The Last Circus

The journey of Javier, the obese Sad Clown, starts during his childhood in the midst of the Spanish civil war in 1937. His father, one of Spain’s most prominent jesters, is detained and tortured by the fascist regime.

Half of Oscar (La mitad de Oscar)

The windswept beaches and mountains of Almeria are located on the Mediterranean in the southern province of Andalucia, Spain. It’s a city that is rarely portrayed in Spanish cinema, but one that Manuel Martín Cuenca uses as a central character in his second feature, “Half of Oscar.” It provides the ideal space to contemplate the complicated relationship between Oscar (Rodrigo Sáenz de Heredia) and his sister Maria (Verónica Echegui).

Oscar works as a security guard at a semi-abandoned salt mine. His lonely days consist of riding his bike to work, putting on his uniform and his gun and contemplating the mountains of salt.

Oscar’s routine is interrupted when his aging grandfather is moved from a home to the hospital and Oscar discovers that his sister, Maria, whom he hasn’t heard from in two years, will be coming to Almeria. To his bewilderment she arrives pregnant and with a boyfriend, Jean (Dennis Deyri). The tension between brother and sister is silent but palpable. Maria does not want to get too close, but Oscar is determined to plumb the situation for more information.

Martín Cuenca’s use of the unique environment of Almeria is one of the most accomplished elements in the film. The film’s spirit is distilled in a memorable scene where Maria walks ahead of Oscar and Jean on the beach. There, alone with the wind and the landscape, we feel how Maria’s acute desire for freedom is undermined by fear.

An exploration of familial taboos, Martín Cuenca’s quiet and austere feature delves into the deepest regions of the human soul. Unadorned with music, the soundscape is comprised of the natural ambiance of the landscape, which becomes as integral to the film as the visuals. Silence and subtext speak volumes in this poignant film about impossible loves. [Synopsis by Diana Sanchez/Toronto International Film Festival]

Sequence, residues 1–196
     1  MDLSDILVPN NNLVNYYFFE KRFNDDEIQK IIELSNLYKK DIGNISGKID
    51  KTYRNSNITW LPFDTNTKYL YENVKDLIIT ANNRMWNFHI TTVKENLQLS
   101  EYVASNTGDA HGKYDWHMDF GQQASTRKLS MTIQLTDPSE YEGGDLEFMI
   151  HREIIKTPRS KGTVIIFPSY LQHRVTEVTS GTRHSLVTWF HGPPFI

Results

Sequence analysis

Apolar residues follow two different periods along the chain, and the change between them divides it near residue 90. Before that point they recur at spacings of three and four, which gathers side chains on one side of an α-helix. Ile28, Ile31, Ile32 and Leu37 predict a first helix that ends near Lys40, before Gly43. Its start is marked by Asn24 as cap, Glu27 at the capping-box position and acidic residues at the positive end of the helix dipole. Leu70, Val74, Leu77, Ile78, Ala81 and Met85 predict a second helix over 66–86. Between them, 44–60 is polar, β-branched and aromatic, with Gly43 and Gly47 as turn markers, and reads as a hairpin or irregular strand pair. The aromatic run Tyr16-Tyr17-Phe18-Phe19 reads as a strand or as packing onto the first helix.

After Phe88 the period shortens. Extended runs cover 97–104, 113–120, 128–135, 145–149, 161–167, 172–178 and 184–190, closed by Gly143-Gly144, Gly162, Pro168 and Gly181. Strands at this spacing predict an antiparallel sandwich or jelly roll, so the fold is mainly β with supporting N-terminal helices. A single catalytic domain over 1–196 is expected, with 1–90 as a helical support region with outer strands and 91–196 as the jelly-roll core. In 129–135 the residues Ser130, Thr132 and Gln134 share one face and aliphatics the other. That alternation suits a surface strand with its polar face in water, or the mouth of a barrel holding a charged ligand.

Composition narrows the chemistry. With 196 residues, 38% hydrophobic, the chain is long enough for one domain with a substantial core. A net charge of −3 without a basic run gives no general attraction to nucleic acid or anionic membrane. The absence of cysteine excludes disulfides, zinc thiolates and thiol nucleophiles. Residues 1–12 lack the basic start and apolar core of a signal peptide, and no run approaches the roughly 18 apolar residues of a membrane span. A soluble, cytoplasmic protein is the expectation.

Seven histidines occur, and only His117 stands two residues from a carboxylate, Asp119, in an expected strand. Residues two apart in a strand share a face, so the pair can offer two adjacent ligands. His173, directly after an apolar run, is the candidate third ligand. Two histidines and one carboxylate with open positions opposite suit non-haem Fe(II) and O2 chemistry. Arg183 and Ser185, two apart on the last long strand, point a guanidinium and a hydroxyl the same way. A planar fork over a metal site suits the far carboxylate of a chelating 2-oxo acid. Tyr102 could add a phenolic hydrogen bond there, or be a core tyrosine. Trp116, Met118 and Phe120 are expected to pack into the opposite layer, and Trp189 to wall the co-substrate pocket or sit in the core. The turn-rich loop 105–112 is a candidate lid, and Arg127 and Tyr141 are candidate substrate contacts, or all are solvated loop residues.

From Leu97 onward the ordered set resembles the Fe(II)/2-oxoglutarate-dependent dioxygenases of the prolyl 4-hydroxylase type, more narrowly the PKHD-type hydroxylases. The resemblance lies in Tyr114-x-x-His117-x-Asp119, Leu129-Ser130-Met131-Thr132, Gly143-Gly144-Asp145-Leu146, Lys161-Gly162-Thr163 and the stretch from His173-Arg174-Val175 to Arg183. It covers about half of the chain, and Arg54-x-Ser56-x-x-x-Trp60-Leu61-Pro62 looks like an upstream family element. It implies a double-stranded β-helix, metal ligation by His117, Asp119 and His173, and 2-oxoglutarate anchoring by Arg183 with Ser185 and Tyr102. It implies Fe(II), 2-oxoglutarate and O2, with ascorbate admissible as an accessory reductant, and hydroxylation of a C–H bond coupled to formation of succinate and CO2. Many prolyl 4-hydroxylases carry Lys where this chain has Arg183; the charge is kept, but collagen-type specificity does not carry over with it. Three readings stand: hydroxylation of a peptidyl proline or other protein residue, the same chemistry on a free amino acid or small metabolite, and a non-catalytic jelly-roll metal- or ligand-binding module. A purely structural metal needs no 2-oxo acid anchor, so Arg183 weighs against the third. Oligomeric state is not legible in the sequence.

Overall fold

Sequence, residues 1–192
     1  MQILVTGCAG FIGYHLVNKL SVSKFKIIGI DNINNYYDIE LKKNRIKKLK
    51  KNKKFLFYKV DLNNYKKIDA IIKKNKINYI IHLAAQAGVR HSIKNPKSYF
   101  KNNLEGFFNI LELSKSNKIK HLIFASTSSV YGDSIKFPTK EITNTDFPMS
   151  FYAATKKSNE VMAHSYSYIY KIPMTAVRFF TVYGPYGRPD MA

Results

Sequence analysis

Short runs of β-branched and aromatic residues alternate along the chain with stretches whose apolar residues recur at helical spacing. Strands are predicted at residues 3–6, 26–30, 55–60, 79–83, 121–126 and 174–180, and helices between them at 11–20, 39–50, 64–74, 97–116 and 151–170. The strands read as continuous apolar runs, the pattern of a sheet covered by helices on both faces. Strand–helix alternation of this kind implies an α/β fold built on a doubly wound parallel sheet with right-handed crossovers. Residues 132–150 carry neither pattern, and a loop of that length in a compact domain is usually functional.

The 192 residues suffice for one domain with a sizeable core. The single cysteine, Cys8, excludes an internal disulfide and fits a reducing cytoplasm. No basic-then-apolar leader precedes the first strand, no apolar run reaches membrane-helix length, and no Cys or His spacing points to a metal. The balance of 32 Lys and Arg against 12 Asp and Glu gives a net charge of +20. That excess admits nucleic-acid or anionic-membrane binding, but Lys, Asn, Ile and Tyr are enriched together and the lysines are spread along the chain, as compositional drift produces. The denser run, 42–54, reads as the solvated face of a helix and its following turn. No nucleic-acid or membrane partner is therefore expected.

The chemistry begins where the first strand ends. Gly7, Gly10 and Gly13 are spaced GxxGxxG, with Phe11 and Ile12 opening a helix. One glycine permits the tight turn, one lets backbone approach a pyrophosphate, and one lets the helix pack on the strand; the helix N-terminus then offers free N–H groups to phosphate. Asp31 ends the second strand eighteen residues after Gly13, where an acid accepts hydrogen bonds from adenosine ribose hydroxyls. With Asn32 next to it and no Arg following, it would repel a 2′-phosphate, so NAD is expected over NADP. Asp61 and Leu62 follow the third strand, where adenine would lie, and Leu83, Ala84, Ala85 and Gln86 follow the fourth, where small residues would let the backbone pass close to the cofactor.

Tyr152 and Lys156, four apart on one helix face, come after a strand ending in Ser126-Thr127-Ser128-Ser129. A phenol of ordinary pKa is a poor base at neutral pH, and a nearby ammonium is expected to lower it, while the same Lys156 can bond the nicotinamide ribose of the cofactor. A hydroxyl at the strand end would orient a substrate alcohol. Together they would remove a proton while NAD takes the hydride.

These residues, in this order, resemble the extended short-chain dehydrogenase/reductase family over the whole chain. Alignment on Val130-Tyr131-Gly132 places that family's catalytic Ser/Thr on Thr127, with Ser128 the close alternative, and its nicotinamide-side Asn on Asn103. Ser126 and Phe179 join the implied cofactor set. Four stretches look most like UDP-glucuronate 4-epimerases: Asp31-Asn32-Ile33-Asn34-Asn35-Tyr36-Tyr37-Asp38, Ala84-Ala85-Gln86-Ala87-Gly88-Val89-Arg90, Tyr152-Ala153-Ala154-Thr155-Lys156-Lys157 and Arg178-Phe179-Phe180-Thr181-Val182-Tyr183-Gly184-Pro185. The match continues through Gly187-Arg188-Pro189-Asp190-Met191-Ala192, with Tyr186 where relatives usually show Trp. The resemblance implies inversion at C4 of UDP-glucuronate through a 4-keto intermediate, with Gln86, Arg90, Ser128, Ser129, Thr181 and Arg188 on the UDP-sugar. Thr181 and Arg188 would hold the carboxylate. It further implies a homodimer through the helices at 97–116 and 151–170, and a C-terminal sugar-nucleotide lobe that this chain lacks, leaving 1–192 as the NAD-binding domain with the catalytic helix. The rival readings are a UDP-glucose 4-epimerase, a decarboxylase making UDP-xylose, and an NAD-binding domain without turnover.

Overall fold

A Sad Trumpet Ballad

The journey of Javier, the obese Sad Clown, starts during his childhood in the midst of the Spanish civil war in 1937. His father, one of Spain’s most prominent jesters, is detained and tortured by the fascist regime.

Marshland

The Spanish deep South, 1980. A series of brutal murders of adolescent girls in a remote and forgotten town bring together two disparate characters – both detectives in the homicide division – to investigate the cases. With deep divisions in their ideology, detectives Juan and Pedro must put aside their differences if they are to successfully hunt down a killer who for years has terrorized a community in the shadow of a general disregard for women rooted in a misogynistic past.

Cannibal

Carlos is the most prestigious tailor in Granada, but he’s also a murderer in the shadows. He feels no remorse, no guilt, until Nina appears in his life. She will make him realize the true nature of his actions and, for the first time, love awakens. Carlos is evil incarnate. Nina is pure innocence. And Cannibal is a demon’s love story.

People In Places

This kaleidoscopic film weaves together approximately 20 fragmented scenarios that offer a view of contemporary Spain, drawing conclusions about the persistence of the human condition, strangeness, and the chaos within relationships. Starring Raul Arevalo, Eduard Fernandez and Santiago Segura.

Volver

Revolving around an eccentric family of women from a wind-swept region south of Madrid, Raimunda (Penelope Cruz) is a working-class woman forced to go to great lengths to protect her 14-year-old daughter Paula (Yohana Cobo). To top off the family crisis, her mother Irene (Carmen Maura) comes back from the dead to tie up loose ends.